(Undoubtedly, there would always be those who resisted, but utopians always find means to deal with them.)

If you believe that all "Progressive" bureaucrats are wise, and that all of their children are above average, then this is the book for you.

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on October 15, 2016
Easy and good reading!
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on November 6, 2016
As a physician/health economist, Nudge is one of my most recommended books to students. It's useful and practical for everyone.
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on August 2, 2017
Very helpful and practical.
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on December 21, 2013
The book has one nice idea, but it stretches it for too long, It is nicely written and has some good parts, but in many cases it takes the obvious and goes on and on explaining it providing a lot of uninteresting details.
The way to go about this book is to skip through the boring materials
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on October 23, 2008
This is a terrific book. The authors cover terrain which has been explored recently in books such as "Predictably Irrational" and "Sway" -- loosely speaking, why we humans persistently engage in behavior patterns which do not benefit us in the long term. Their own research, at the University of Chicago, builds upon the work of Tversky and Kahneman in behavioral economics; the behavioral insights gained form the basis for public policy changes in a number of different areas.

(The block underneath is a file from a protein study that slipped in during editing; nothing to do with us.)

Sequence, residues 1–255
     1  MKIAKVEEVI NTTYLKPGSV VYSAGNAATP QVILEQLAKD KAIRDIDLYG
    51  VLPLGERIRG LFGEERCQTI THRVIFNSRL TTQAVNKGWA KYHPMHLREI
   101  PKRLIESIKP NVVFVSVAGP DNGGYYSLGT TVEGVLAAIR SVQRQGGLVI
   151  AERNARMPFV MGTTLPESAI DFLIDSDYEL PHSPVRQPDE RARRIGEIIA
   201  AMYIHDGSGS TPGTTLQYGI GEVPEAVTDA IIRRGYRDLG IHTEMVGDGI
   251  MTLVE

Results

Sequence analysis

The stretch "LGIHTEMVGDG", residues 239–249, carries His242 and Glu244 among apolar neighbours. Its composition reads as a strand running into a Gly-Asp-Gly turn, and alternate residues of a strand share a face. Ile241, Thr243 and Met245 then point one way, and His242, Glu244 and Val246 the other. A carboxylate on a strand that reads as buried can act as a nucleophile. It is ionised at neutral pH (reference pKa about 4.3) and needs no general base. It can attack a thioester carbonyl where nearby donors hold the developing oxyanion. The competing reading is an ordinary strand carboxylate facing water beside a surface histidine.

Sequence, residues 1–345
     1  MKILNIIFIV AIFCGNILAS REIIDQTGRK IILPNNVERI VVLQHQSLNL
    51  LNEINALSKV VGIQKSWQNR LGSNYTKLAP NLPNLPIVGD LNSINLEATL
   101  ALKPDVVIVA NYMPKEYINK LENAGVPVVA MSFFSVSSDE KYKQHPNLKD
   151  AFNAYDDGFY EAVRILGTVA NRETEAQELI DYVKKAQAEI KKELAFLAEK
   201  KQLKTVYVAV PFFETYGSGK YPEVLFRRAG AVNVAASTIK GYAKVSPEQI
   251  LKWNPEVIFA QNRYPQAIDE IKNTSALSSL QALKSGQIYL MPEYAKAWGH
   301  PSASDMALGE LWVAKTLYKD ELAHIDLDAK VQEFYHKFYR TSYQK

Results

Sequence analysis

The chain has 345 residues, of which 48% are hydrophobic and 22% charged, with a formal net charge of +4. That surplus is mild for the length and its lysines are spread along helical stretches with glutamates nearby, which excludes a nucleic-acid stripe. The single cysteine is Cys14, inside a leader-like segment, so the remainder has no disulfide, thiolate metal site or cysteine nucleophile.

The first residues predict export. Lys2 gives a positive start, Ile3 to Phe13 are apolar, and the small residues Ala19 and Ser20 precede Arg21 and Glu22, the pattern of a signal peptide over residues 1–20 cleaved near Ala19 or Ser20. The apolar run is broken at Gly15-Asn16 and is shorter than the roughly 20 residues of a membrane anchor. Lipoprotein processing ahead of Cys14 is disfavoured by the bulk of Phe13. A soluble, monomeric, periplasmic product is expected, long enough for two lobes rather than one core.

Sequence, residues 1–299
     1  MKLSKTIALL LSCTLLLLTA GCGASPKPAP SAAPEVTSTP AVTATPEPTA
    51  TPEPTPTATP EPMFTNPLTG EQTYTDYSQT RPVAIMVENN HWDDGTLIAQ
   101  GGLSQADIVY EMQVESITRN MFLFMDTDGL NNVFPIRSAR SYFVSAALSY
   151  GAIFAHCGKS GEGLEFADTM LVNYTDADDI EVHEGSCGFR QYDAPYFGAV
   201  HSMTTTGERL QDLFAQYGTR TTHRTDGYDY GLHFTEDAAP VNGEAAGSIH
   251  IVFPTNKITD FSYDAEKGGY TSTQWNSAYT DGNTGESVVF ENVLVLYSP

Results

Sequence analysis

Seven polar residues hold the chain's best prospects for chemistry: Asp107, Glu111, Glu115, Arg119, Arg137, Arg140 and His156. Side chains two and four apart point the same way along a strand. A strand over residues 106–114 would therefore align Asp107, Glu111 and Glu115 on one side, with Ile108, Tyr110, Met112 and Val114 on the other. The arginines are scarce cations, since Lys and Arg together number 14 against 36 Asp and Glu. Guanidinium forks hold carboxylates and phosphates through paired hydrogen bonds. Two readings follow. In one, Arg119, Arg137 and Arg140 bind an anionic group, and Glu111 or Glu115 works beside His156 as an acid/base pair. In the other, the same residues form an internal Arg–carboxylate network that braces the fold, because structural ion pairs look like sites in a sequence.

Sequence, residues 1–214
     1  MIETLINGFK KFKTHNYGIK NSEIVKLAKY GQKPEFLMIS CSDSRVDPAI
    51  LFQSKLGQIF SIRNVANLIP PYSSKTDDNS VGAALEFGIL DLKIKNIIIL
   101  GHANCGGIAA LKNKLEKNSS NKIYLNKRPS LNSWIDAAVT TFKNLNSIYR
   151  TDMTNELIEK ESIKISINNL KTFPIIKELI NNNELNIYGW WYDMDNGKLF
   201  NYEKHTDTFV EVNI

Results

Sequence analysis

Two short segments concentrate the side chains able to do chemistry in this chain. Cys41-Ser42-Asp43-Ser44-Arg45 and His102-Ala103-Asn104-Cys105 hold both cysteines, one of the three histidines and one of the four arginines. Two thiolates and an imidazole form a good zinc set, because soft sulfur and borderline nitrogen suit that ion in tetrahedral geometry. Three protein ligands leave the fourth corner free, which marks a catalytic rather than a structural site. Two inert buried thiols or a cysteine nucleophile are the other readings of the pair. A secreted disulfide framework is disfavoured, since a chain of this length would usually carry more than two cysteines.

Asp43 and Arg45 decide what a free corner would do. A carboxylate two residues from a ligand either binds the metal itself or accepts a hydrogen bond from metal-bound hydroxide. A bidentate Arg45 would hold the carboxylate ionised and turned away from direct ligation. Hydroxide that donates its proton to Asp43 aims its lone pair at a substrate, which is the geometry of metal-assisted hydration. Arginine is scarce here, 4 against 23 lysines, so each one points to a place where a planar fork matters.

The book provides a funny, engaging, remarkably clear exposition of the various factors which lead us to make poor decisions. This alone would make it worth reading. What makes it exceptional is that they actually suggest *remedies* that might help us save ourselves from our own flawed gut instincts. Indeed, they go one step further, making a convincing argument for incorporating these remedies as a part of public policy. The examples that they consider are directly relevant to decisions each of us faces routinely: choices that primarily affect our own welfare, like decisions about health and lifestyle, credit and money management, investing for retirement; and choices with broader societal implications, like those pertaining to environmental behavior, organ donation, charitable giving and community involvement. They use the term "libertarian paternalism" to characterize their public policy recommendations; don't allow the term to put you off - their suggestions really make a lot of sense.

"Nudge" is very well-written and extremely readable. I was impressed by the amount of useful and interesting material the authors managed to incorporate in just 250 pages. I highly recommend this book.